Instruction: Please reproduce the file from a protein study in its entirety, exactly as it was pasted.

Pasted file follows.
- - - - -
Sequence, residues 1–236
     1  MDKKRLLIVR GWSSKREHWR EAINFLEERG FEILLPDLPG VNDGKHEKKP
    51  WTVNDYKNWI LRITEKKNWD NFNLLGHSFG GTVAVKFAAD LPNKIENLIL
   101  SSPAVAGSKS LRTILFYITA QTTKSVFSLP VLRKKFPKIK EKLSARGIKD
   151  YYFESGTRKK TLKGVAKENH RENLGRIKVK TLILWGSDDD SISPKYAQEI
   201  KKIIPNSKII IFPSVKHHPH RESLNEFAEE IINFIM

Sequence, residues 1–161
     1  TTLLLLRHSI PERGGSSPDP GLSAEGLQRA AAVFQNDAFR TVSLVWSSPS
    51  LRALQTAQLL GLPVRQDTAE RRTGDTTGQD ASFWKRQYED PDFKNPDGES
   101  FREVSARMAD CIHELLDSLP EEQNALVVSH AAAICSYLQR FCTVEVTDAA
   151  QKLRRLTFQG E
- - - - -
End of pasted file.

Sequence, residues 1–236
     1  MDKKRLLIVR GWSSKREHWR EAINFLEERG FEILLPDLPG VNDGKHEKKP
    51  WTVNDYKNWI LRITEKKNWD NFNLLGHSFG GTVAVKFAAD LPNKIENLIL
   101  SSPAVAGSKS LRTILFYITA QTTKSVFSLP VLRKKFPKIK EKLSARGIKD
   151  YYFESGTRKK TLKGVAKENH RENLGRIKVK TLILWGSDDD SISPKYAQEI
   201  KKIIPNSKII IFPSVKHHPH RESLNEFAEE IINFIM

Sequence, residues 1–161
     1  TTLLLLRHSI PERGGSSPDP GLSAEGLQRA AAVFQNDAFR TVSLVWSSPS
    51  LRALQTAQLL GLPVRQDTAE RRTGDTTGQD ASFWKRQYED PDFKNPDGES
   101  FREVSARMAD CIHELLDSLP EEQNALVVSH AAAICSYLQR FCTVEVTDAA
   151  QKLRRLTFQG E